I currently work in an office with no windows and I am looking to have plants there. Can you tell me what plants I can get for this situation, any suggestions on how I can have plants is welcome, I was also considering a solar lamp (because I really want a gardenia bush there.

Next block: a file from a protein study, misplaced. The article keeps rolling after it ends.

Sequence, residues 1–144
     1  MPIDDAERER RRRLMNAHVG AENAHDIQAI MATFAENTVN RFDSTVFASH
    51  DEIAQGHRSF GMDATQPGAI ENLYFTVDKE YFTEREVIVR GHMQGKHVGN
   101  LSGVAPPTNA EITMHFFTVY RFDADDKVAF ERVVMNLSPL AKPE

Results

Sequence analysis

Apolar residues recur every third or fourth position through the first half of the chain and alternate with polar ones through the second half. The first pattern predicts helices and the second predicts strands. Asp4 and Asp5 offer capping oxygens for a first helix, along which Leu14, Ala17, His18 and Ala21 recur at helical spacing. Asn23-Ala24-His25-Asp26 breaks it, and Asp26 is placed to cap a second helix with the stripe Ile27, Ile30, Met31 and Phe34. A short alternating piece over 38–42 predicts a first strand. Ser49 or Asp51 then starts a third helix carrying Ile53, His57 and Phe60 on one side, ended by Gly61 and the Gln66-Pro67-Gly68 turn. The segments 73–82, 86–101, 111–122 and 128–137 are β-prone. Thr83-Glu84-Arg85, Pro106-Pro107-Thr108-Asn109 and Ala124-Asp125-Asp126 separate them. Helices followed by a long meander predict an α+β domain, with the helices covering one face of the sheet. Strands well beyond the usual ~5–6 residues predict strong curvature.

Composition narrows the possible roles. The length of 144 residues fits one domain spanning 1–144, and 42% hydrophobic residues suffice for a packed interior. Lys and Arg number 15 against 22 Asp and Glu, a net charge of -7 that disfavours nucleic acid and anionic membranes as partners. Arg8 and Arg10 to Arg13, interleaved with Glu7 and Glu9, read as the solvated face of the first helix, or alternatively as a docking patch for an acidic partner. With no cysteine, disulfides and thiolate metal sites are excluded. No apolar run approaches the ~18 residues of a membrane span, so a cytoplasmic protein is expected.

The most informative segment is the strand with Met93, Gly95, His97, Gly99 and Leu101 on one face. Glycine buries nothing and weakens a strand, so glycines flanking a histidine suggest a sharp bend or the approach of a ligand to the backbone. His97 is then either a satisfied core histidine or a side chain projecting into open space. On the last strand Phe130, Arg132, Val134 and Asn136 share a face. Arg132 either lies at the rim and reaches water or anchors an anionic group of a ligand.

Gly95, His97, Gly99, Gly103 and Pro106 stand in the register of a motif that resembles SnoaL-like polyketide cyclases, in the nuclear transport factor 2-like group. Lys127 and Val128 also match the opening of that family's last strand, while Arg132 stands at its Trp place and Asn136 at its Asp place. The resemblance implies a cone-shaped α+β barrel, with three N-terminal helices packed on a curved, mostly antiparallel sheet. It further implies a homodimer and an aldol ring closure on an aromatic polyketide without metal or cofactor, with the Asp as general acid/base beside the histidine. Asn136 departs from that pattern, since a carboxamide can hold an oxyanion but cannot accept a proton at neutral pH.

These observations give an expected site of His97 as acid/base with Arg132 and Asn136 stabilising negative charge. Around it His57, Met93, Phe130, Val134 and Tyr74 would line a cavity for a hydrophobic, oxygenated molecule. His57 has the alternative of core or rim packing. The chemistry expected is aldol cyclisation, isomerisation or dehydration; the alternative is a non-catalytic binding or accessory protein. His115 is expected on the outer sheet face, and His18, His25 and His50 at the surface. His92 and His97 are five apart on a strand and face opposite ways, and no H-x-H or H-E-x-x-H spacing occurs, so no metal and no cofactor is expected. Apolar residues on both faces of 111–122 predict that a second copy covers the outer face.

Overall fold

It sounds to me as though this will be a very difficult environment to grow any plants. There ARE some plants that do well in low light but no light??? not really. The best solution will be to place so gro-lights so that they shine down onto the area where your plants will be. Remember, those gro-lights might seem bright to you but they still will only put out a fraction of the light that even a bright window will provide. Keep those grow lights only a few inches above the plants…a gro-light several feet from a plant provides little energy. I’d put a timer on your grow lights so they’ll provide for the plants even when you are off for the weekend or vacation. Even with added light, you’ll want to stick with low light plants. For upright plants you should consider: . . Aglaonema aka Chinese Evergreen. it is a graceful plant with sword-shaped leaves with silvery highlights. Spathiphyllum aka Peace Lily. Similar in stature to Aglaonema the Peace lily has dark green leaves and puts out an interesting white flower once in a while. . . Dracaena fragrans ‘Massangeana’ aka Corn Plant. Not really a corn plant but a tropical plant that reminds folks of a corn plant. It is often found in larger sizes as a accent plant in offices. For hanging plants you’ll want to check out Pothos and the Heart Leafed Philodendron. Both these plants have heart-shaped leaved but those of the Pothos are speckled with yellow. There are a few others but these are the ‘old reliables’ and are commonly available. . . The biggest problem houseplants have is with their caregiver’s overwatering. Remember, low light plants use very little water. In most cases they’ll only need to be watered anywhere from once a week to once a month. Always check the soil by poking your finger into the soil a couple of inches before you water. If you even think it feels moist wait a few more days and check again. Never leave plants standing in water for more than a few minutes or they will drown. Drowned roots are dead forever and the leaves of the plant will whither in a few days to a few weeks after the roots have been drowned. It is actually better to let the plant get a little limp or wilty before you water to avoid overwatering. Likewise low light houseplants require very little food. I would suggest not feeding at all from November through March and then only light, quarter strength feeding every fourth watering from April through October.

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